|I have to say, it's really disappointing to see the flagging functionality being abused in this way.|
http://news.ycombinator.com/item?id=2438002 , which has had 47 points in 1 hour (despite being flagged by a number of individuals) is exactly on-topic for HN, It concerns a product that is relevant to HN, it is built by an active HN member, it has been upvoted by a good number of HNers despite its unnaturally low placement (due to the flagging), it is written by an active HNer (me), and it is on a blog which is popular with HN.
It's hard to think of a more on-topic post.
And yet, at least 4 people have flagged it, possibly 5, thus lowering its placement by a lot. Flagging is supposed to be reserved for egregiously off-topic and spam posts.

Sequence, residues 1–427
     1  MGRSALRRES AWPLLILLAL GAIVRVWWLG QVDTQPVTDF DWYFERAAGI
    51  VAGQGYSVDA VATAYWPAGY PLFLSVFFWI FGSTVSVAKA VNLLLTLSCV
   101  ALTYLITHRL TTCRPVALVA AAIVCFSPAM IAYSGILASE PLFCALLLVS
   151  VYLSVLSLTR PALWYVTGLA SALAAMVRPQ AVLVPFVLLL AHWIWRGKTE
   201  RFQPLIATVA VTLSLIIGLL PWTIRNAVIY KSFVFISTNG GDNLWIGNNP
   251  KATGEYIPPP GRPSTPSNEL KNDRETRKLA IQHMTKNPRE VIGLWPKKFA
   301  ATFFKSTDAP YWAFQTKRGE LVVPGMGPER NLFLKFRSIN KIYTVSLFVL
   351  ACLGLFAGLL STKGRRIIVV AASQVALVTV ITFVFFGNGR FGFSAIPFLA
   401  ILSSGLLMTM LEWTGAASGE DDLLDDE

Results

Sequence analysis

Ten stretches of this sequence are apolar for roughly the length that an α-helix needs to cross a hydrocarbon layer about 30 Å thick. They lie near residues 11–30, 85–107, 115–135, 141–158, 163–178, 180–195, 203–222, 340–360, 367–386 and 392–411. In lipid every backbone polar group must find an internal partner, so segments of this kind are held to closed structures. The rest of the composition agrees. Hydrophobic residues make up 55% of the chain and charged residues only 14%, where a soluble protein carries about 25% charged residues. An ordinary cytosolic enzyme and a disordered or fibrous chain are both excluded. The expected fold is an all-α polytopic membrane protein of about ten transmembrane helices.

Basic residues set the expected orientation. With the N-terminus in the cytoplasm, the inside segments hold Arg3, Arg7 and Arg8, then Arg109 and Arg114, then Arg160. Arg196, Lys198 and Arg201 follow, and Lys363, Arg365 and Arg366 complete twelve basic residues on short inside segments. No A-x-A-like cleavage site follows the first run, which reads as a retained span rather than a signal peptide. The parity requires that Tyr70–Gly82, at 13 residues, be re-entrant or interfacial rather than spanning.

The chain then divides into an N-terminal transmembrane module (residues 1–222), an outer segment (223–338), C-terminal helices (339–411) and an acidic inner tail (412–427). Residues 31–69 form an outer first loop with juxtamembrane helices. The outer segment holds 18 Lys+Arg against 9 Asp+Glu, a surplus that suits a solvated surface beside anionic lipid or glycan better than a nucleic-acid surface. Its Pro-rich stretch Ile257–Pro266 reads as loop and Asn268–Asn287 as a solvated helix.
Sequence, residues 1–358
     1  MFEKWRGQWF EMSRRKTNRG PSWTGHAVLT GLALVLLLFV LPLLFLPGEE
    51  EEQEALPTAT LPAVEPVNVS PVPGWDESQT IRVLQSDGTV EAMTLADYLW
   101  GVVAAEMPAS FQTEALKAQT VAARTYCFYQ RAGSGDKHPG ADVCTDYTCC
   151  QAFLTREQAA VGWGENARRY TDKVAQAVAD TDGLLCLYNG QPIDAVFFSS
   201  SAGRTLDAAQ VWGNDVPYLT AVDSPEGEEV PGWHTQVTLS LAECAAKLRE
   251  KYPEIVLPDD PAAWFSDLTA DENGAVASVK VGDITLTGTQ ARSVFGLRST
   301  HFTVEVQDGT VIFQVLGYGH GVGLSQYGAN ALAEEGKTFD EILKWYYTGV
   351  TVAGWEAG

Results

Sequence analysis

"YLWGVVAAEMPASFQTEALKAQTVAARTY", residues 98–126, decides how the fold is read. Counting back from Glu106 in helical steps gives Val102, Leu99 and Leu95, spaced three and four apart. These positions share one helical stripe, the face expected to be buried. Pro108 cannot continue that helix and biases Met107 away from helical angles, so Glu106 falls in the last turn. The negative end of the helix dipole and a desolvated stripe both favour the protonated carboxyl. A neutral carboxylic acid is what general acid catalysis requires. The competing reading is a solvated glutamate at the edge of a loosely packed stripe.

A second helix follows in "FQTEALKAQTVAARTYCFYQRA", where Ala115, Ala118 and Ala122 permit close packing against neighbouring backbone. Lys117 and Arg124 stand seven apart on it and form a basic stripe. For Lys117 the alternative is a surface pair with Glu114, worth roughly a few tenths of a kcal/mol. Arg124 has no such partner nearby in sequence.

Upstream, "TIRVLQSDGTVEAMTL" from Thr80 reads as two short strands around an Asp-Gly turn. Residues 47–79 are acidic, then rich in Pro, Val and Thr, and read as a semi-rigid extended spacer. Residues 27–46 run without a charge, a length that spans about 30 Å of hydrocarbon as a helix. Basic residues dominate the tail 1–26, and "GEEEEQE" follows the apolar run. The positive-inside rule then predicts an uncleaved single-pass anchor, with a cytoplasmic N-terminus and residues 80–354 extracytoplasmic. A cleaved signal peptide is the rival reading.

If this is what happens to on-topic posts, one thing is clear:
Flagging is totally broken.
Why? I suspect too many people have access to flags, so flags have become indiscriminate. Simultaneously, pg made flags have a very large effect on story position (effectively, one flag is worth maybe 5-10 downvotes, no matter who applies the flag).
I have long since learned not to try to coerce pg into doing anything, but I really think this is strong evidence of broken functionality. If you want to introduce downvotes for stories, let's have downvotes for stories. But let's not have mega-downvotes in the sneaky form of flags that are supposed to be for spam.
I'll add that this is not the first time I've seen this happen, though it's the first time I see a perfectly legitimate article get quite that many flags. Is HN skipping the Reddit step and going straight to the Digg graveyard?